Artificial intelligence is also tracking the spatial patterns of the epidemic. A Canadian company called BlueDot collects multilingual news reports and data from official public health databases to predict the potential of future outbreaks. Researchers from Harvard Medical School gather authoritative information plus social media data to explore the geographical trends of the disease.
However, Chinese officials need more accurate locations of potential virus spreaders.
Telecommunication companies in China announced a feature that generates a list of recently visited provinces when subscribers text a hotline. Rail stations such as the one in Yiwu required passengers to show their travel history from the hotline before boarding a train, screening out people who had been to Hubei province.
Some municipal governments have “innovative” methods other than technological approaches. Starting Feb. 7, at least three Chinese cities including Hangzhou, Ningbo and Sanya pulled fever and cough drugs off pharmacy shelves so patients with such symptoms would have to visit doctors at hospitals. Some officials from Hebei province in northern China turned “neighbour against neighbour” by offering 1,000 RMB (about $190) to residents for each person from Wuhan they reported.
Outside of mainland China, the Hong Kong government has issued tracking wristbands to families returning from Hubei province. These ensure the Department of Health is notified if the wearer leaves their home during a 14-day quarantine period.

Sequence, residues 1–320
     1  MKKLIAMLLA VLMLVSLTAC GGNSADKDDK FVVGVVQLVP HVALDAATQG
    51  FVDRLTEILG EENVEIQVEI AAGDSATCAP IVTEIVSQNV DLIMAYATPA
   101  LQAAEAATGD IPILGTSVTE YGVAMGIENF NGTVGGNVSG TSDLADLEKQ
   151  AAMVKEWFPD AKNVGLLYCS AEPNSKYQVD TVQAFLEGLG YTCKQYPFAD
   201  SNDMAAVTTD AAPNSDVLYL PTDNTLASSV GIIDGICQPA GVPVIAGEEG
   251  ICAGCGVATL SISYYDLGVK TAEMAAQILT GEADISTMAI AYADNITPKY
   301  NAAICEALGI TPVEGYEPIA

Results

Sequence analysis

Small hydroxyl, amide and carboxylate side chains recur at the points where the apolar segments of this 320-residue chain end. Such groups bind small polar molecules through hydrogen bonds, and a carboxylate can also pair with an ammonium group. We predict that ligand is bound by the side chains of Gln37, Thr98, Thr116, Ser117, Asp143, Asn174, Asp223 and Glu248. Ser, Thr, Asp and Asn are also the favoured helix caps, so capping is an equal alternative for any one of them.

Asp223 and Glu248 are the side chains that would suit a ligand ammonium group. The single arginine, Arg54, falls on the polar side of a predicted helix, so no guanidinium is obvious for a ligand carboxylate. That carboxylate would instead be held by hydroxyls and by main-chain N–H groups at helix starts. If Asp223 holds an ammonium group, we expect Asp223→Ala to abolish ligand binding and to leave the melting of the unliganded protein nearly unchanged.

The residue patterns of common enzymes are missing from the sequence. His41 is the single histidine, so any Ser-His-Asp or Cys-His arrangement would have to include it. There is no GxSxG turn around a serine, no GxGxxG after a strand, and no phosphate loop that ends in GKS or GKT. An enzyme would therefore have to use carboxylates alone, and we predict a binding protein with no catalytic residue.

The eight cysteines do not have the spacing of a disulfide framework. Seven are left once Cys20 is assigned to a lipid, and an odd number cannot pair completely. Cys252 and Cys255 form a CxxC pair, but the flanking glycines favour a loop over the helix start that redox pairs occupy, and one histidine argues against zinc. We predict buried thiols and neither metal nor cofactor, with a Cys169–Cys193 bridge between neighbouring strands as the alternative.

Similar strategies have been used in Taiwan, where smartphones have been assigned to notify police if patients are not quarantined at home. Whether the monitoring technologies turned home quarantine to “house arrest” remains debatable.
Tracking down patients is troublesome enough, but whether their sensitive information is released depends on local administrations.
Japanese authorities, however, are in disagreement on disclosing travel data on coronavirus patients. The Japanese Health, Labour and Welfare Ministry provided no details. However, after the driver of a bus that transported tourists from Wuhan became infected with COVID-19, the Nara Prefectural Government shared the locations the bus had visited.
Some U.S. states are in line with the Japanese Health Ministry and make patient privacy a priority. On Feb. 5, Ohio passed a new protocol protecting patients’ places of origin while their cases are under investigation. Florida has a similar state law that prevents public access to information about suspected patients.
While patient information disclosure practices vary from one administration to another, laws are in place to guard against improper management of sensitive information.
A notice from the Cyberspace Administration of China (CAC) on Feb. 9 clearly states that personal information such as “names, ages, identity card numbers, telephone numbers, household addresses and other such information” may not be used for purposes other than “epidemic control and disease prevention.”
U.S. Department of Health and Human Services also posted a bulletin to remind health-care workers that information about “an identifiable patient” may not be disclosed to the media or the public without “the patient’s written authorization” except in special circumstances.
With strict enforcement of privacy law, wide disease prevention education and proper location information disclosure, it is hoped that patient information leaks will diminish in China, and patient privacy will be better protected during an epidemic outbreak.